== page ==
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USA: Crips gang members indicted for child sex-slavery

Publish Date: 20 Apr 2011
By: Jim Kouri

More than three dozen south California gang members and the owners of two motels were charged on Tuesday with running a prostitution ring that enslaved young girls who had run away from home for work. Prosecutors called the gang operation "modern-day slavery."

The indictments are the results of Operation "Vice Grip," an 18-month investigation involving U.S. Immigration and Customs Enforcement's (ICE) Homeland Security Investigations (HSI), the Federal Bureau of Investigations (FBI), the Oceanside Police Department and the San Diego Sheriff's Office.
According to the indictments, members of at least three Oceanside Crips "cliques" conspired in a sex trafficking operation that began in 2005 and was directed by senior members, including those already incarcerated in state prisons.

The prostitution ring relied heavily on the recruitment of vulnerable female minors through Internet social media such as MySpace, Facebook, Twitter and other social networking sites.

According to law enforcement, gang members would manipulate the loyalty and increase productivity of the girls by giving the victims drugs and alcohol. Once the girls became dependent on their pimp, gang members sold, traded, or "gifted" the girls among one another.

Gang members also used low-cost motels to carry out its illegal activities. They rented rooms at the Oceanside Travelodge using other people's names.

The owners of the motel, Hitesh Patel and Vinod Patel, are believed to have housed gang members in rooms that were separated from legitimate customers to prevent any suspicion. The two charged higher room rates for such "dates" or "tricks," and warned gang members about any inquiries from law enforcement.

A total of 38 suspects were charged in the indictment, which was the result of an 18-month long federal investigation.

The defendants include a gang member as young as 18, and six women who served as associates of the operation. The charges include racketeering, the use of facilities of interstate commerce to promote prostitution, and drug trafficking.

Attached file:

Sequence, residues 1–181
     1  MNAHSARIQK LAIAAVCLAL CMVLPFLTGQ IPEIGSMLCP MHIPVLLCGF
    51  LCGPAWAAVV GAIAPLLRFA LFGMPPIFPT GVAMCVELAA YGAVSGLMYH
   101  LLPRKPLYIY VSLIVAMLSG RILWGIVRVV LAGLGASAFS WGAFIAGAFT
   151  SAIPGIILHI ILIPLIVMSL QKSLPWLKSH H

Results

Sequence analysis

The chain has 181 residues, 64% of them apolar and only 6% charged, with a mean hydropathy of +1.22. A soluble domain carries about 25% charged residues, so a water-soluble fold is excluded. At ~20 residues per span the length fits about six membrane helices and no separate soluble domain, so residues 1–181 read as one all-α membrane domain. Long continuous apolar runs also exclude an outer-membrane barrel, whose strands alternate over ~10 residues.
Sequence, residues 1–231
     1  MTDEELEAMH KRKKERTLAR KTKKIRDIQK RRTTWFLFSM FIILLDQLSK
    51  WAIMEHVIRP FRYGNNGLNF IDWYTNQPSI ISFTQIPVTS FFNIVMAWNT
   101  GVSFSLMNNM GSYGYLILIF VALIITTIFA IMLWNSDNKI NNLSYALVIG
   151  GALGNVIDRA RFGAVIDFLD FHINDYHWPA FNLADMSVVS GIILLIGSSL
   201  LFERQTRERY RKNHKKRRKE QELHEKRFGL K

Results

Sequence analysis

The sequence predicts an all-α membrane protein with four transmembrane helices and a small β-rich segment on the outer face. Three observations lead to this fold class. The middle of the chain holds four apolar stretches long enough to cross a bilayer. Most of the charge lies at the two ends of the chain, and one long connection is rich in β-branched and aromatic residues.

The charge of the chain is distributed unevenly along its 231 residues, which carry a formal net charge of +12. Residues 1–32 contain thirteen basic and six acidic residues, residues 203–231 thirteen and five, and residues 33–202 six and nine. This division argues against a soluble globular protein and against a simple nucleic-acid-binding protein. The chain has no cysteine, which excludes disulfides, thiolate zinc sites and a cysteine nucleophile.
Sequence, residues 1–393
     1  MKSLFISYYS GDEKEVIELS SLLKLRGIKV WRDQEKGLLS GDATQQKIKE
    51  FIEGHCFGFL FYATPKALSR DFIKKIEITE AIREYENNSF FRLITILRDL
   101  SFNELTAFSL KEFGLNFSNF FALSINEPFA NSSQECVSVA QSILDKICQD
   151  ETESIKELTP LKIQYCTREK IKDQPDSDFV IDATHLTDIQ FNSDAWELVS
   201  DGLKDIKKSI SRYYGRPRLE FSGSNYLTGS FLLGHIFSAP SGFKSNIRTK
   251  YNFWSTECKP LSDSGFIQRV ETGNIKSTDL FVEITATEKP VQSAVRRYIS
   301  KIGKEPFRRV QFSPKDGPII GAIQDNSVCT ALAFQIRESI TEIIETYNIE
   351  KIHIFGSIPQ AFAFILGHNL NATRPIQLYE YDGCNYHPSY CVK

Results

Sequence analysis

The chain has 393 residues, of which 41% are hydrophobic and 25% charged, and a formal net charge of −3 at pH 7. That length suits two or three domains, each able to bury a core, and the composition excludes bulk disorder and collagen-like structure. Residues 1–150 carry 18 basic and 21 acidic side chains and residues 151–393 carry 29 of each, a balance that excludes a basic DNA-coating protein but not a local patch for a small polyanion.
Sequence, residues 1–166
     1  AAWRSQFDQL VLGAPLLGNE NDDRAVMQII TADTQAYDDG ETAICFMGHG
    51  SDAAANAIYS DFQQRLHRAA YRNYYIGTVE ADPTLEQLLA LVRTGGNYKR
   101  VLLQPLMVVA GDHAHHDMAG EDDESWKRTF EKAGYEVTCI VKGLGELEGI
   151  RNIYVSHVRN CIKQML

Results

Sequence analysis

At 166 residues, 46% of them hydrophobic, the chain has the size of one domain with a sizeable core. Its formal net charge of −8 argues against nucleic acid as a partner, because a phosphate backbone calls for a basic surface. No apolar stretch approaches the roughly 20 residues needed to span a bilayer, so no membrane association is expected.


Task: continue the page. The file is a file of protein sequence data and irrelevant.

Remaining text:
"The sex trafficking of women and children is a particularly heinous crime and will not be tolerated in our communities," said Michael Carney, acting special agent in charge for ICE Homeland Security Investigations in San Diego.

"We must continue to work to dismantle and destroy sex trafficking rings here and abroad. Our goal is to not only prevent the spread of this modern day form of slavery, but to wipe it out in every form where it exists," he said in a press statement.

Copyright © Clarity Digital Group LLC

Stop Demand makes the following comments - to raise awareness, educate and encourage readers towards critical analysis.

"The sex trafficking of women and children is a particularly heinous crime...."  Stop Demand agrees.  But without prostitute-buying men there would be no sex trafficking.  As vile as sex traffickers might be, they are merely intermediaries.  They supply a product (girls or young women) to meet demand (prostitute-buying men).  

This article goes as far as referring to motel rooms, but stops there.  What of the countless husbands, fathers, brothers, businessmen or working-class men who are paying to use these motel rooms to rape, violate and sexually exploit these "enslaved girls"?  Why have they been given invisibility (and thereby protection) in this article?  And why, given an 18-month investigation, has ICE Homeland Security Investigations stopped short of prosecuting the countless men who have raped these "young, enslaved girls"? 

If there were no demand (by sex-buying men), there would be no supply.  Enslaving young girls for sex would no longer be financially viable for traffickers.  And sex trafficking would cease.